So... today is 9/11. I'm wondering when it will no longer feel "necessary" for my generation (or the generation right behind mine, for whom this is one of their first truly dark memories) to have some kind of "personal eulogy" for the day. Maybe never. Maybe the 24/7 news cycle and the internet have made that kind of "oh, right - that's today" reaction obsolete.
I lost the last of my grandparents a few months ago. I wonder, now, if this is how they felt during the annual "oh, right..." moments of Pearl Harbor. I wish I'd thought to ask one of them (or maybe I did, and their answer was either so evasive or so unpleasant that I chose not to remember it.)
On 9/11/01 I was still in college, and on that day I drove there, parked and went to class as the whole thing was still unfolding. It was impossible to process in-progress: I was born in 1981. My memories of "American conflict" were of the Cold War ending with a whimper and of the "bubble" of sustained (relative) peace during the Clinton Years - when America was (we thought) so uninvolved in the wider chaos of the world that a has-been football player killing his wife was "The Trial of The Century" and the question of whether or not the President had gotten head from an intern was considered an Earth-shattering scandal.
As I was driving in, the news was hitting that a second plane had hit (at the time Howard Stern was my "morning drive" audio, and yes his coverage was as uncharacteristically worthy/moving as you've been told) and as I was walking to class you could tell from people's body language and half-heard conversations (good lord... the planes had left for Logan Airport... our airport) that it was slowly sneaking up on us that we might be about to live through something that 99% of use had only ever seen or heard of in movies or on TV. I sat down for class (Film Studies) but the class never started - a professor (or maybe an aide) hurriedly popped into the room and informed us that a state of emergency was being declared and all government buildings (state school) had to be evacuated.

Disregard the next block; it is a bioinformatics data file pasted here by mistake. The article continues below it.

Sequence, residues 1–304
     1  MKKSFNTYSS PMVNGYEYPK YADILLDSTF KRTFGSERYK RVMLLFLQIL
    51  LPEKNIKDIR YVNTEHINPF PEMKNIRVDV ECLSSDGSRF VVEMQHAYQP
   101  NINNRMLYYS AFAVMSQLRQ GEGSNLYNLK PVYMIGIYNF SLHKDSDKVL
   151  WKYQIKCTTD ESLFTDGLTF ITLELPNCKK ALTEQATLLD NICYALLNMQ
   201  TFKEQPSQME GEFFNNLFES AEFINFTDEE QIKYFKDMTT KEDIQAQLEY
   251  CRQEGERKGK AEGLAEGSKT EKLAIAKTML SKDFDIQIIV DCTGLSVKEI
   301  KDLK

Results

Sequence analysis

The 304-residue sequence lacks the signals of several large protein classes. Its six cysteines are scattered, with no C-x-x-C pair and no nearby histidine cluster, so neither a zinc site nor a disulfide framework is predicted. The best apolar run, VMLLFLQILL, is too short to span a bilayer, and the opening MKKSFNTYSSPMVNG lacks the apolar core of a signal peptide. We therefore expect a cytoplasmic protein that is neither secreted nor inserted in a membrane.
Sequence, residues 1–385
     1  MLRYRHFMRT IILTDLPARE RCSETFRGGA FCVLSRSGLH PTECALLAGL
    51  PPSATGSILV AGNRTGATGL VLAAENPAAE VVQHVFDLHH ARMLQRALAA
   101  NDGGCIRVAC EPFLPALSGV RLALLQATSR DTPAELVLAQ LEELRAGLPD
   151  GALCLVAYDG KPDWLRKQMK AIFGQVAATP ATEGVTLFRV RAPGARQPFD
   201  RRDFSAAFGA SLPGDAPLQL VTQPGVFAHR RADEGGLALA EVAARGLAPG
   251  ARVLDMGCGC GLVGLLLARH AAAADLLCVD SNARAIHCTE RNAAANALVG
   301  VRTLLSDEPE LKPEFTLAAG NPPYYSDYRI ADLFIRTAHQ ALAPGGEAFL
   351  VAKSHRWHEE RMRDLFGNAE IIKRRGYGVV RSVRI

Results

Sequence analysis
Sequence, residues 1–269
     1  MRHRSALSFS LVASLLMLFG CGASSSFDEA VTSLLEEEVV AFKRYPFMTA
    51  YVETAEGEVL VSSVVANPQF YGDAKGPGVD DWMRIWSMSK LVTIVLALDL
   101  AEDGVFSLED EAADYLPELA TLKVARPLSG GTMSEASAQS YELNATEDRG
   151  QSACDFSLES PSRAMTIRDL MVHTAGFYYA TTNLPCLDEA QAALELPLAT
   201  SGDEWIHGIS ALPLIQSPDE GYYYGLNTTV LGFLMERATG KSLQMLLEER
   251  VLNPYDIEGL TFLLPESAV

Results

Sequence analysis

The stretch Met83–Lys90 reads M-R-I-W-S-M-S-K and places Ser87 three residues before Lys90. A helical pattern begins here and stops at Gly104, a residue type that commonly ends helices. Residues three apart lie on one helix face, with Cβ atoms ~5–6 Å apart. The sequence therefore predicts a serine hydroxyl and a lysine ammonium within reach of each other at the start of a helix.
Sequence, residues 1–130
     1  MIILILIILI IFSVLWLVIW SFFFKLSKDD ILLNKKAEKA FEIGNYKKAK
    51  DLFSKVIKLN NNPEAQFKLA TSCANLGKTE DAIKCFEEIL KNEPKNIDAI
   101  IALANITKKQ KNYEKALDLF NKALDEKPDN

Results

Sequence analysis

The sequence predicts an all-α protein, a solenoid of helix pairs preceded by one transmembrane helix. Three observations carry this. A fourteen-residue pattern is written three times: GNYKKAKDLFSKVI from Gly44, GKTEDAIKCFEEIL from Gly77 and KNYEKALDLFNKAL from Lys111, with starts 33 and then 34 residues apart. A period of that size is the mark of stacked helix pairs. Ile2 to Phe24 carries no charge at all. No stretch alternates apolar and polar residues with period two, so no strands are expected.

My most vivid memory is walking across the school grounds back to my car. Some people were running. I was walking, partially because I was trying to work this out in my head, mostly because my bag of books was exceptionally heavy. Some folks who hadn't heard the news yet (this was before everyone was expected to have a cell phone at all times) were arriving for their classes, and you could see the same scene one after another: An arriving-person would stop a leaving-person, they'd speak for a few seconds, then both became leaving-persons. What immediately jumped into my head (and I appologize if some people find this "reference" crass, but it's what honestly came to me) is the scene from "Starship Troopers" where Rico is leaving camp and slowly realizes other recruits are running past him frantically - he stops a guy to ask what's up:
"War! We're going to war!"
As I made my way to the lot, one of the late "arriving persons" stopped me to ask what was going on. I remember grasping for words, unable to gauge how much this guy knew about what had already happened.
"We're being evacuated... the planes in New York..." is about what I got out, at first. I could tell on his face he "got it."
"I think we're at war."
I don't know why I said that. Maybe I needed to say it to him to say it to myself.